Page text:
Ace, a burly but kind-hearted fellow, tried to separate the combatants. This, he did all too well, flinging disputants some distance down opposite side of the new law school's commodious lobby. Several of the Tileco employees so thrown suffered injury as a direct result of Ace's efforts.

Hiss, angered by Ace's "help", escorted him back to Baum and recounted the incident. Baum laughed and slapped Ace on the back. "I guess you showed them what for, eh? Buzz off, Hiss! As far as I'm concerned Ace acted wholly in the right." Baum later billed Tileco for Ace's work on the mural, and Tileco paid.

Together, the Tileco employees injured by Ace's attempt to break up the fight have brought suit against Baum Paving Co. Analyze their claim under the law of agency.

Part 2, Question 1

5% of exam's total grade
(suggested time: approximately 5 minutes)

Able and Baker are the sole partners of a small law firm, "Able & Baker". Able handles the firm's personal injury cases; Baker handles trusts and estates. Able tells Baker to make a court appearance on behalf of one of the firm's personal injury clients, and Baker does so. Very briefly, describe Baker's act in agent/principal terms.

Part 2, Question 2

40% of exam's total grade
(suggested time: approximately 50 minutes)

Gina Post owns and runs a copy shop. Three years ago, she hired Joshua Emmet, an undergraduate student of computer science, to help out. He from the start made copies and staffed the cash register. After a year on the job, he began to sign purchase orders for supplies on Post's behalf when she was not in, and he once negotiated with Xericoh for the purchase of a color copier for the shop.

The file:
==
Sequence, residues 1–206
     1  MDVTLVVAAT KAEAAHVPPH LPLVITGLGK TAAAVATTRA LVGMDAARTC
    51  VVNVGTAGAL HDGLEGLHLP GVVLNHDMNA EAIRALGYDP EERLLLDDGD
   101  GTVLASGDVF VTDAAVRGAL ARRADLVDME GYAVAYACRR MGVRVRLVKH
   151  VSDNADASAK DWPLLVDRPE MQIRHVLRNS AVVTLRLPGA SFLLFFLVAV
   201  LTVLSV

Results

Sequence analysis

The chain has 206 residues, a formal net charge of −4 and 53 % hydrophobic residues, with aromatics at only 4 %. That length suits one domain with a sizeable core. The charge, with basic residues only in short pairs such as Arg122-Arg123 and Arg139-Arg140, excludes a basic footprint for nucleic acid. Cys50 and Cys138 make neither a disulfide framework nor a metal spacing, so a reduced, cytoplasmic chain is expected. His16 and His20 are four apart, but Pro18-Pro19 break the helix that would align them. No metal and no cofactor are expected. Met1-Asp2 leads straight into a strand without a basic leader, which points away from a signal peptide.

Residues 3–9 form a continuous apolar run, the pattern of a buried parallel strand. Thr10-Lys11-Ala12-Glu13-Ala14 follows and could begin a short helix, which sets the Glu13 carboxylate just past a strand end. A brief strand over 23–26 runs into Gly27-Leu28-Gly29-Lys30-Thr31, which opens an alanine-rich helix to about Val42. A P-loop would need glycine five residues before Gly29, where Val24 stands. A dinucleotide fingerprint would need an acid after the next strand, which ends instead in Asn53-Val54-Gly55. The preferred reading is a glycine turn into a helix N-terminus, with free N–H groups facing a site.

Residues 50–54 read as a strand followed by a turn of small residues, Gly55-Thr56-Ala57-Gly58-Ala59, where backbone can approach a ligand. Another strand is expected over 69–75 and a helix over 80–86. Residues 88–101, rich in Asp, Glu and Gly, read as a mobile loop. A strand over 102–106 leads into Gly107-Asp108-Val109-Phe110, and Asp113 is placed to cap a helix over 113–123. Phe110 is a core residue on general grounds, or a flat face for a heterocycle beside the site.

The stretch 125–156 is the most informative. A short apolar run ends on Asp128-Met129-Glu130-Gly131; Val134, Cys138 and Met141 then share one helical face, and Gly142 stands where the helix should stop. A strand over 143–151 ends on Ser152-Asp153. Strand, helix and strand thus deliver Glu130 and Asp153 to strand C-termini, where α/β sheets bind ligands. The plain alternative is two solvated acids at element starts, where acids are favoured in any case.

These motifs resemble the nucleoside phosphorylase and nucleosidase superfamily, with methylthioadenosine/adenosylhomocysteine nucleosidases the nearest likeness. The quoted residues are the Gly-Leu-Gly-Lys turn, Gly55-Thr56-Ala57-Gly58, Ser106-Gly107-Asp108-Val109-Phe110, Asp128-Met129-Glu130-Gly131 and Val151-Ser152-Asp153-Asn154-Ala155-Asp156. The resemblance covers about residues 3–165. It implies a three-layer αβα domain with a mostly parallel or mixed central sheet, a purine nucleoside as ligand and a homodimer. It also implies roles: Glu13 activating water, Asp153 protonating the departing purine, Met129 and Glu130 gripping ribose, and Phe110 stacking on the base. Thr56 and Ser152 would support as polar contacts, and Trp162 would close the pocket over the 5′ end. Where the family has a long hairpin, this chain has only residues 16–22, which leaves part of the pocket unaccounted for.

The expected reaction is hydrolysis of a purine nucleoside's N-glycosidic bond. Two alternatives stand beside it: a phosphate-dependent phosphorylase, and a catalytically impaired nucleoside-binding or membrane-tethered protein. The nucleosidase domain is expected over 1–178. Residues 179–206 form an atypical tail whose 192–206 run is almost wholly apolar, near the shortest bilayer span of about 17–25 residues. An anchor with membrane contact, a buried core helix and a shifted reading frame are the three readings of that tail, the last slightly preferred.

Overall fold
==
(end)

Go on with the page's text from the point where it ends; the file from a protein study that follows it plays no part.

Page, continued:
After Emmet had been working for two years, Post faced a crucial decision. To compete with a newly opened copy shop nearby, she calculated that she would have to begin renting PCs to her customers by the hour. Fortunately, Emmet had the necessary expertise to run such an operation. Giving him such an increase in responsibilities would entail giving him a substantial raise, however, and Post could not afford both the new computers and an increase in Emmet's salary.

Post thus told Emmet, "If you will agree to operate the new computers, I will give you a raise payable out of the profits from that branch of my business." Emmet agreed. Post put up the money for the computers and, since she knew almost nothing about such things, had Emmet negotiate their purchase from Comp Co. Emmet ran all aspects of the copy shop's computer business during the third year of his association with Post.

Despite Emmet's efforts, the computers failed to generate a profit. Customers complained that the PCs worked slowly and erratically. When Post asked Emmet about the problems, he mumbled something about network problems. In fact, Emmet had deliberately infected the computers with an experimental, non-malignant virus. He figured that getting to play with a whole computer network was well worth losing mere profits--and that Post would never figure out what he had done!

Post did figure it out, though--thanks to a visit from her brother-in-law, a computer consultant. Infuriated, she determined to fire Emmet immediately. Worried that he would sue for unpaid salary, however, she first got him to agree orally that they were "even Steven". Emmet went along, figuring that he was getting off easy.

Post tried to run the copy shop for another month. But because the computer side of the business had failed, she finally had to shut down the whole business down. She had not finished paying for the color copier and the computers, however, and now lacks the means to do so.

Apply the UPA, and the RUPA to the extent that it differs, to analyze the rights of Post, Emmet, Xericoh, and Comp Co.

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Agency and Partnership Final Exam, Fall 1996 - - v. 06/00